Hooded Menace stretch back to doom’s early years, weave death into ugly ‘Darkness Drips Forth’

Hooded MenaceThis time of the year is perfect for certain things. Two of them, in my humble opinion, are doom metal and monsters. That’s not exactly a reach, is it? I’ve been harping on about autumn being the finest time to indulge in doom, and with Halloween capping off the week, bloody, gelatinous, undead, and horrifying creatures tend to be in the forefront. Unless you’re a loser and hate this time of year.

Anyway, today’s band and record could not be arriving at a more perfect time with all of that in mind. Hooded Menace long have pulled their inspiration from zombie movies and all kinds of old horror films that probably would confound people who bombard themselves with today’s offerings of these types of movies. This Finnish band is a throwback to those days, and the doom they conjure on their latest record, the supremely awesome “Darkness Drips Forth,” also should have people harkening back to the early Peaceville Records days. That’s no hyperbole, by the way. These songs wretch doom, slithering with a punishing pace, and even inject some lush melody into the ugliest of settings. It’s one of the band’s best records to date, and it’s also one of their most unexpected.

Hooded Menace coverHooded Menace have been one of the more consistent doom bands of the past decade, also injecting quite a bit of death metal into their cauldron, as well as the aforementioned hints of horror movie chaos. Having started out in 2007, they quickly made a mark with their 2008 debut “Fulfill the Curse,” following up two years later with the awesome “Never Cross the Dead” (released by Profound Lore domestically), and then jumping to Relapse for 2012’s “Effigies of Evil.” Lasse Pyykko has been at the forefront of this band from the start, handling guitars and vocals. Well, he still is the band’s vocalist in the studio, but in a live setting, it’s different. Along with him, the Menace lineup is rounded out by guitarist Teemu Hannonen, bassist Markus Makkonen (he’s the vocalist for their live shows), and drummer Pekka Koskelo, and they are at their doomy finest on this record, which is a total … monster.

“Blood of the Burning Oath/Dungeons of the Disembodied” is a mouthful of a title, and it’s the album opener, starting with chimes ringing out, only to have guitars bubble up like foam and meet it. In the background, you can hear villagers wailing in agony, as the tempo lurches along and the growls begin bleeding. The track really opens up later, with riffs glimmering, strong leads taking command, and the growls getting more forceful and in your face. The tempo later slows and burns, with riffs lapping over top, the track marching and grinding, and the song disappearing into a pocket of wails. “Elysium of Dripping Death” follows, with a mournful setting being set, and the vocals retching. The track then starts to break apart, letting violence well up. The guitars form a strange wall that has a hypnotic effect, while the tempo boils, giving off mists that add to the surreal atmosphere. The track turns even more dizzying, though at the same time gritty, and the vocals bubble in the back of Pyykko’s throat like a thick film of blood. It’s not long until all the sounds meld together, boil over, and fade away.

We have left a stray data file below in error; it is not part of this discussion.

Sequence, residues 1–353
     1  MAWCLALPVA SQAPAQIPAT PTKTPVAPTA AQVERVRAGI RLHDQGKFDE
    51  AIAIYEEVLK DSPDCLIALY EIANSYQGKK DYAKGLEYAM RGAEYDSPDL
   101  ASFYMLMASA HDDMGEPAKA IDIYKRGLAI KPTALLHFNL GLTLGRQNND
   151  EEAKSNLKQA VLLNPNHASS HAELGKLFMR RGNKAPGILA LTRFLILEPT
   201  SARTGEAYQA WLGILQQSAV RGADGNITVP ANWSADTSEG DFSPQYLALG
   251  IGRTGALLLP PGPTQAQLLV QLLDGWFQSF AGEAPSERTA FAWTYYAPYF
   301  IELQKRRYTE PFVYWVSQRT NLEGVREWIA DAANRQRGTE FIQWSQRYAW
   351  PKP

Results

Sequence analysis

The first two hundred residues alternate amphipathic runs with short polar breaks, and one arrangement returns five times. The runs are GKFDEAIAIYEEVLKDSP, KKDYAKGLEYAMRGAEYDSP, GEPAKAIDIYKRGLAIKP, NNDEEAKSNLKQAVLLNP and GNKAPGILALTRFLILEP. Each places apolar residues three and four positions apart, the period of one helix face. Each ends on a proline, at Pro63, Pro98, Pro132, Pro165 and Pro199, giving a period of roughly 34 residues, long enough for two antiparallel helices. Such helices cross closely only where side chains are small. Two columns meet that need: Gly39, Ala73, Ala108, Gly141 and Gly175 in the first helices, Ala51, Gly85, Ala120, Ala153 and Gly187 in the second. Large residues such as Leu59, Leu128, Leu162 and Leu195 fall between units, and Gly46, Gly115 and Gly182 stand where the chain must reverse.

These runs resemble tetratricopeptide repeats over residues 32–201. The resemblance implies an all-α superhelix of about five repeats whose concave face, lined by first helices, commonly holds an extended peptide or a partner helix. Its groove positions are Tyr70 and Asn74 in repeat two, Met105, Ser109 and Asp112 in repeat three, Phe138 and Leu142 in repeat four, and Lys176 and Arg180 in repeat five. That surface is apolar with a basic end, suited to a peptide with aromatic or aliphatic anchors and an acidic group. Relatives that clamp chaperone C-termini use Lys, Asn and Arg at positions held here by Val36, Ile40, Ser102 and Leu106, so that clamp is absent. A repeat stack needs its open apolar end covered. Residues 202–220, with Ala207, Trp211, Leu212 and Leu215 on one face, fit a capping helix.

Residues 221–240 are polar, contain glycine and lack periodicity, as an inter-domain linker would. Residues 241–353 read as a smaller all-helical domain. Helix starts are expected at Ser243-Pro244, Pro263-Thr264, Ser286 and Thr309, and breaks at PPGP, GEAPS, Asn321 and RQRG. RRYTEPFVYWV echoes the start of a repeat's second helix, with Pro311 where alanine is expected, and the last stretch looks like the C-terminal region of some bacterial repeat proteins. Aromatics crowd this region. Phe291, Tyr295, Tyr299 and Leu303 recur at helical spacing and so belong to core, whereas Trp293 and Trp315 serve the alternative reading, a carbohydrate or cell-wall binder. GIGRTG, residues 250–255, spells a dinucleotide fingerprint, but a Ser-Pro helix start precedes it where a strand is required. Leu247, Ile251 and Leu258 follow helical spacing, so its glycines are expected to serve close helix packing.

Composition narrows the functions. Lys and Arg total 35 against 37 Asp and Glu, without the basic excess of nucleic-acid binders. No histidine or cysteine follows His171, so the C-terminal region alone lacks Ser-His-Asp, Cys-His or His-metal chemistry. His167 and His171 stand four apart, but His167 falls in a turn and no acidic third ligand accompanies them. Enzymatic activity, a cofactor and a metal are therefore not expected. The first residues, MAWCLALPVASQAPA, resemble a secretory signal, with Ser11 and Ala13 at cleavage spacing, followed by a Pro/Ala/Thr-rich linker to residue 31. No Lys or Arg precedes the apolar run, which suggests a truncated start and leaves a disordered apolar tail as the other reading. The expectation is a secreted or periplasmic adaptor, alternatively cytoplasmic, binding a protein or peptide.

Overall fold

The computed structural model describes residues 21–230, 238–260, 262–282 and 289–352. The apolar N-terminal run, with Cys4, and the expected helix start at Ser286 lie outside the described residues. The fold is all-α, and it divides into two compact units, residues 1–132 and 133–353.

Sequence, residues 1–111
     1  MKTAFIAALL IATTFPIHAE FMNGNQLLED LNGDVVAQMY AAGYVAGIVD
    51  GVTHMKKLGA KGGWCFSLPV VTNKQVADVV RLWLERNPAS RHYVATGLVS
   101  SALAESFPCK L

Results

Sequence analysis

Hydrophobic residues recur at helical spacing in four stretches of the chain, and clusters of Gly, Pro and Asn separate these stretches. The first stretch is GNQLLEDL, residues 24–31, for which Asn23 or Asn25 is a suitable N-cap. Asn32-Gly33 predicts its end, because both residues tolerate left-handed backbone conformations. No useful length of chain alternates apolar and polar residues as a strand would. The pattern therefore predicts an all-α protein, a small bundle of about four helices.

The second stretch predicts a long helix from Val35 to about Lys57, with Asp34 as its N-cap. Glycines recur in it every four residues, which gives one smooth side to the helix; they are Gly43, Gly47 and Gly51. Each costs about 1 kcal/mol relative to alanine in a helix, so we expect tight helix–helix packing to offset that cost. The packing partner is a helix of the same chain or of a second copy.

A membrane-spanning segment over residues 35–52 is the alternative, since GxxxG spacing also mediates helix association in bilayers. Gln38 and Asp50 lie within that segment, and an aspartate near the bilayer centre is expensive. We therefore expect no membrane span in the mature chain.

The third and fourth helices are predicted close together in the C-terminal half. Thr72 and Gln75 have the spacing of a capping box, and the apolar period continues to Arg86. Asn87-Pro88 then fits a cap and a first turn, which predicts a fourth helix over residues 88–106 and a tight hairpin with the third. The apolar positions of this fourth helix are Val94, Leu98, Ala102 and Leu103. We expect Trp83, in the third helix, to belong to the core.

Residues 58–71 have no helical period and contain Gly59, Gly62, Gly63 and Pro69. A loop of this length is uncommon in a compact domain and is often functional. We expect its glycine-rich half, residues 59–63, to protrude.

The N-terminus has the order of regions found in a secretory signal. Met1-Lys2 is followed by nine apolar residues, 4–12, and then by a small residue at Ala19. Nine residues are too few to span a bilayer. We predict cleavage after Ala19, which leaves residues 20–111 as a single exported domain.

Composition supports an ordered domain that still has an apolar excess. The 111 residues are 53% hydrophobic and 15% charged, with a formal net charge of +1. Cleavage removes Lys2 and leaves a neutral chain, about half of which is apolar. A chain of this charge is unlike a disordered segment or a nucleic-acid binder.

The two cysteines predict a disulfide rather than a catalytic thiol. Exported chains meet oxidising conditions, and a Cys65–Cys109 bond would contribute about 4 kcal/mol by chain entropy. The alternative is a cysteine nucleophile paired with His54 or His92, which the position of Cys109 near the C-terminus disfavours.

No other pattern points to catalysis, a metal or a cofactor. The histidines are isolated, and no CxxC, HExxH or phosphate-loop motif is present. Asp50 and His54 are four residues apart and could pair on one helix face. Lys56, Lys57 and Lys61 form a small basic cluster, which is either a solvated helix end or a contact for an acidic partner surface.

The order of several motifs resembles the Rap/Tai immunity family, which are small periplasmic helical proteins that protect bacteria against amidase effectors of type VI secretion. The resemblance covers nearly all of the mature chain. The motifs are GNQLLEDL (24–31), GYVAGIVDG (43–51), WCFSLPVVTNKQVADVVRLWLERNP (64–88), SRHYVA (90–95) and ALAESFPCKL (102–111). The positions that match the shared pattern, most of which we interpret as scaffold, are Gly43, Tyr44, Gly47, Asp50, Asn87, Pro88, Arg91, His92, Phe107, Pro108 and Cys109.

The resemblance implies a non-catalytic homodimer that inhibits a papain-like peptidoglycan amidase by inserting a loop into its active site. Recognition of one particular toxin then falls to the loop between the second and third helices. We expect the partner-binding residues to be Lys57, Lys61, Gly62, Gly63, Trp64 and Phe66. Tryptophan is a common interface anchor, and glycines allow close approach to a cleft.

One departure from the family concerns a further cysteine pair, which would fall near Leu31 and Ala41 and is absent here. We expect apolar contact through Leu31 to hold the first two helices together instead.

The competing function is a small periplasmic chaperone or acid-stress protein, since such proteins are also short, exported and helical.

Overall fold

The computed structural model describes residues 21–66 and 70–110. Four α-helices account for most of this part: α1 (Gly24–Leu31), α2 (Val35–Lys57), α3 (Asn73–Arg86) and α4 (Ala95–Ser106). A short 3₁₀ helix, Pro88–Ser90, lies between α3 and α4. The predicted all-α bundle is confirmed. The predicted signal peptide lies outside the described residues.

“Ashen With Solemn Decay” begins with guitars surging and the rhythms rumbling heavily, and then the growls kick in and make things ugly. The band hits a harder, more aggressive tone, though strong melodies arrive to make your brain tingle, and the clouds open up to let light break through the clouds. Strong soloing causes sparks, while the pace keeps rolling on, with melodies twisting and turning. The growls get mucky, and then each element piles up and bleeds away. Closer “Beyond Deserted Flesh” starts with riffs. Of course. But the growls erupt from there, with the guitars spidering their way through, with mournful and brutal melodies raining down. Things feel spacey and weird, but then everything spill into darkness, with the pace chugging and thick guitars flowing over. Sinewy riffs take hold, the song stretches out its muscles, and cleanliness arrives, almost like it’s pretending the blood never was there, as it all flows down the drain.

Hooded Menace really have nothing to prove to anyone, but instead of rest on their reputation, they made one of the most curious, yet satisfying, records of their run with “Darkness Drips Forth.” There’s plenty of death and doom to keep everyone well fed, and considering we are in the spooky season, these four songs should soundtrack you scaring the shit out of your neighbors. This is a great effort from a band that always seem to have a dastardly surprise up their sleeves.

For more on the band, go here: https://www.facebook.com/HoodedMenace

To buy the album, go here: http://www.relapse.com/store.html

For more on the label, go here: http://www.relapse.com


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